Race-reversed casting

Sir Patrick Stewart, inventor of photo negative casting

Race-reversed casting, also called photo negative casting, is a form of non-traditional casting in acting. The concept revolves around reversing the race of characters being played (white characters being played by black actors and vice versa). The concept was intended as a way to open up non-traditional character roles to more actors but has received complaints that it waters down racial differences.

History

The concept of race-reversed casting was invented by the British actor Sir Patrick Stewart in 1997.[1] As a classically trained Shakespearean actor, Stewart had wanted to play the titular character in Othello but stated that when he got to the point in his career where he felt he was experienced enough to play it, it had become no longer socially acceptable for white actors to put on blackface to play the role.[2] Stewart stated "one day, thinking about the play, a notion occurred to me, what if we keep the racial element of the play but we just switch it over" and came up with a concept which would later be called "photo negative" casting.[3] This technique involved reversing the skin colour of the characters, so that the majority of the characters would be black, while Othello, Bianca, Montano and the servants would be white; thus he would be able to play Othello.[2][4] This was also done with the intention of continuing to broaden a view of racial prejudice, as the original lines and racial language in the script were not changed from the source material.[2][4]

Stewart, when playing Othello, said he always paused after he said the line "Happily, for I am black" because he felt if anyone was going to voice an objection to the photo negative concept, that would be the place they would do it.[3] Some reviewers claimed that some non-regular theatre-goers "snickered" when that line was said.[5] The concept would be later picked up by Shakespeare's Globe Theatre Company, who would put on a performance of Antony and Cleopatra using race-reversed casting in 1999.[6] Race-reversed casting occurred again in 2014 for a performance of Death of a Salesman in Philadelphia, United States.[7]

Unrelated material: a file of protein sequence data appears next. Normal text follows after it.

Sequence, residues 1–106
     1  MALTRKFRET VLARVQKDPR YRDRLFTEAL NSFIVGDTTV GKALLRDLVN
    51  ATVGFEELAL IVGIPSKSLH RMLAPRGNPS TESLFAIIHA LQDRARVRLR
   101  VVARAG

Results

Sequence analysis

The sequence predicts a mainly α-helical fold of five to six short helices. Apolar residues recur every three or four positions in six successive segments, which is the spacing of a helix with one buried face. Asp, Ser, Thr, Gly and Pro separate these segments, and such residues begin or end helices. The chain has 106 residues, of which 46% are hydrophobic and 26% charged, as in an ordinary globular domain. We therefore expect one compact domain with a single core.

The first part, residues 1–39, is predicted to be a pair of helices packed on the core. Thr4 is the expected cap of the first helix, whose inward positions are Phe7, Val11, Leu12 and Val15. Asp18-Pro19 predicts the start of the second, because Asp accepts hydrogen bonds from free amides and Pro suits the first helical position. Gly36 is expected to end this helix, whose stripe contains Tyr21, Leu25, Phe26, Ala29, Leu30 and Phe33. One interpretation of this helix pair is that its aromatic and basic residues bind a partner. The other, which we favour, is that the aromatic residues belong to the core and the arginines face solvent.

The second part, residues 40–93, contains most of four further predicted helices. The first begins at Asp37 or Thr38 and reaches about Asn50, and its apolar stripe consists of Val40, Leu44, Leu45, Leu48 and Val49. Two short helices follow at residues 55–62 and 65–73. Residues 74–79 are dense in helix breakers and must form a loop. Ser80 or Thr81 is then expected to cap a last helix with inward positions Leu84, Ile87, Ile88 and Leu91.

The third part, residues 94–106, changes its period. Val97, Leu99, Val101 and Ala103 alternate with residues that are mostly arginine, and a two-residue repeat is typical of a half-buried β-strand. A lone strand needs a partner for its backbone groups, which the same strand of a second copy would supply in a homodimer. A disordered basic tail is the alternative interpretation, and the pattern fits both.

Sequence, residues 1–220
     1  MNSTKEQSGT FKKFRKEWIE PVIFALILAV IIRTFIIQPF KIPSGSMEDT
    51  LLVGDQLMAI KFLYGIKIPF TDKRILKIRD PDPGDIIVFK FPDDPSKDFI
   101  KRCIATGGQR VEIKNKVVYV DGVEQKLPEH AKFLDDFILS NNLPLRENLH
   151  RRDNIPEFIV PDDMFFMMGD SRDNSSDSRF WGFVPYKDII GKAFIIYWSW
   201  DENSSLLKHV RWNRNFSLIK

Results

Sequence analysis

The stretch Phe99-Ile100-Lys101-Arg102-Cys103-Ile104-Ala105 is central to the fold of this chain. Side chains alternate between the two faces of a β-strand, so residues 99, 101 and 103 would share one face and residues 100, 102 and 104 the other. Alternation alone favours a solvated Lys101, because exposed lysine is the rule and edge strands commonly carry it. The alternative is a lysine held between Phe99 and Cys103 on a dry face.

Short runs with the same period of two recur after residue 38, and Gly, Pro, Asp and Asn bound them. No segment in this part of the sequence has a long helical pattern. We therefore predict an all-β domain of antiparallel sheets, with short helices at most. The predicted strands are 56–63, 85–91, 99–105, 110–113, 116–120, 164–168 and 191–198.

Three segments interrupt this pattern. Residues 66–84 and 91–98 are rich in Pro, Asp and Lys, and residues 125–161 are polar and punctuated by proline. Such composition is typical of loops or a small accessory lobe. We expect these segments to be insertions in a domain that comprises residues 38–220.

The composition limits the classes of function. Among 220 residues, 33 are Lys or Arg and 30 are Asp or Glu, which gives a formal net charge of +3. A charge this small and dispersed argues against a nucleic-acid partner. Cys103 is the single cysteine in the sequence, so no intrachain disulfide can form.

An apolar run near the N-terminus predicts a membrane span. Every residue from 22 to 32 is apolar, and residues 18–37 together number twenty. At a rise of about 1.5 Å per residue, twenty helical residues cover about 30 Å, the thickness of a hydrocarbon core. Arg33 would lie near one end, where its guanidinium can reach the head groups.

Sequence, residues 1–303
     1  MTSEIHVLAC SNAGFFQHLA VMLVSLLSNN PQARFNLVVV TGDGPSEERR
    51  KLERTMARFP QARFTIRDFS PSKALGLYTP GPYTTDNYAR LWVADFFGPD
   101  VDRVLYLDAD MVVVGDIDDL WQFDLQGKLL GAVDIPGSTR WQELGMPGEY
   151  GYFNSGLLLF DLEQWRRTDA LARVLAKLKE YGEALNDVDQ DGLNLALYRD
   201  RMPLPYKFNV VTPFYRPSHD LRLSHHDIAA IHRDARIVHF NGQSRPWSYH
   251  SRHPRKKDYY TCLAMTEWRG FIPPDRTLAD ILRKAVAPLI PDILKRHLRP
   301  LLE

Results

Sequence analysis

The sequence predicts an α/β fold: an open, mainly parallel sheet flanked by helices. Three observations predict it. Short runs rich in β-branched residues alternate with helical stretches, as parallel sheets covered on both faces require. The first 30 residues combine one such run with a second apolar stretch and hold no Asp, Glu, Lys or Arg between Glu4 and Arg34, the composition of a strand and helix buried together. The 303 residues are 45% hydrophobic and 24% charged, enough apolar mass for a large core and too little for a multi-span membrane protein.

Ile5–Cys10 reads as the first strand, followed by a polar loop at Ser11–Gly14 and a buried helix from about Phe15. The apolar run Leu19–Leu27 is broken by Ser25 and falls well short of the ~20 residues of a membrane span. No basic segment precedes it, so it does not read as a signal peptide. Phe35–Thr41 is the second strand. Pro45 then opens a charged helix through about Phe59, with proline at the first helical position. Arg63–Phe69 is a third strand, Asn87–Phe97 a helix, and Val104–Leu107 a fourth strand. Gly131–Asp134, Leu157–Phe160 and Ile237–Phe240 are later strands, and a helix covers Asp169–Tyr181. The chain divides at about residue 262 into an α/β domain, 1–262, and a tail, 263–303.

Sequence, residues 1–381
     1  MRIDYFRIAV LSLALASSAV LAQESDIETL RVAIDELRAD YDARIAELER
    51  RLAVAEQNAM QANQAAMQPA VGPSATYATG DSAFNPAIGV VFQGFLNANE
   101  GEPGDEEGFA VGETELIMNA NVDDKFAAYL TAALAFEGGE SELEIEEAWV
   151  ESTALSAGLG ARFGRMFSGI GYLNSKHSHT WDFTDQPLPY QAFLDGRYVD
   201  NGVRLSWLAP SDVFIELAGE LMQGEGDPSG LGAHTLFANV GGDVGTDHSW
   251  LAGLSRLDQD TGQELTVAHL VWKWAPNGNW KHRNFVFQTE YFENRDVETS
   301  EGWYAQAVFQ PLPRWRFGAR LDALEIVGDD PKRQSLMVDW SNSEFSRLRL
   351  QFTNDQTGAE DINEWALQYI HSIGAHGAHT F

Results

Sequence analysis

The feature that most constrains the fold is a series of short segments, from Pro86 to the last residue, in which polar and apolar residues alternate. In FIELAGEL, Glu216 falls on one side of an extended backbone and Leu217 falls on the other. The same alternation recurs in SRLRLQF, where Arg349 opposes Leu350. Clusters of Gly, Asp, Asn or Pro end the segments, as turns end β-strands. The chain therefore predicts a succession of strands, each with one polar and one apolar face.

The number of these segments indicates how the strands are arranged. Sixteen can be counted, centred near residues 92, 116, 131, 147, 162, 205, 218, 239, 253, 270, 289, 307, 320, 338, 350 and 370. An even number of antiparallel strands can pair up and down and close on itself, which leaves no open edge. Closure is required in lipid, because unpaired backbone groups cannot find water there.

Reaction

The concept was controversial as the National Theatre Company and the Royal Shakespeare Company in the United Kingdom rejected Stewart's concept, believing it was too sensitive. In the United States, only the National Theatre in Washington, D.C. would take up the concept after Stewart told the theatre director "I want to be in a racially reversed Othello".[3] Two black actors originally cast in Othello almost walked out, as they felt the race-reversed casting offensive, but the director Jude Kelly convinced them to remain.[3] Theatre critics felt that race-reversed casting resulted in a neutralisation of the play's racial themes.[8]

However, the concept has been praised for allowing actors to play characters that would have otherwise been unavailable to them.[9] It has also been praised for focusing on the social dynamics of how minorities can be isolated by whoever is in the majority.[10] Others cite it as an example to demonstrate how adaptable Shakespeare is in interpretation.[11]

See also

References

  1. ^ "'Othello' goes where none has gone before Review: Patrick Stewart stars in a production that reverses the play's racial lines". Baltimore Sun. 19 November 1997. Retrieved 14 June 2020.
  2. ^ a b c "Patrick Stewart Stars in Race-Reversed Othello in D.C. Nov. 17". Playbill. 17 November 1997. Retrieved 14 June 2020.
  3. ^ a b c d "Patrick Stewart on 'Logan,' His Career and a Vertigo Diagnosis: "They Have All Said That It Will Go Away"". Hollywood Reporter. Retrieved 14 June 2020.
  4. ^ a b Hankey, Julie (2005). Othello - William Shakespeare. Cambridge University Press. pp. 108–111. ISBN 0-521-83458-9.
  5. ^ Orlin, Lena Cowen (2004). Othello: The Moor of Venice. Palgrave MacMillan. p. 239. ISBN 1-137-11548-3.
  6. ^ Thompson, Ayanna (2006). Colorblind Shakespeare: New Perspectives on Race and Performance. Routledge. p. 49. ISBN 1-135-86704-6.
  7. ^ "Ozzie Jones '92 seeks 'truth of the words' in directing Death of A Salesman". Bates University. Retrieved 17 June 2020.
  8. ^ Neil, Michael (2006). The Oxford Shakespeare: Othello: The Moor of Venice. Oxford University Press. pp. 66–67. ISBN 0-19-812920-3.
  9. ^ "Black or white? Casting can be a grey area". The Guardian. 5 April 2007. Retrieved 14 June 2020.
  10. ^ Brockett, Oscar; Ball, Robert (2013). The Essential Theatre, Enhanced. Cengage Learning. p. 344. ISBN 978-1-133-30728-0.
  11. ^ O'Connor, John (2016). A Directory of Shakespeare in Performance Since 1991. 3. Springer. p. 1497. ISBN 1-349-58788-5.

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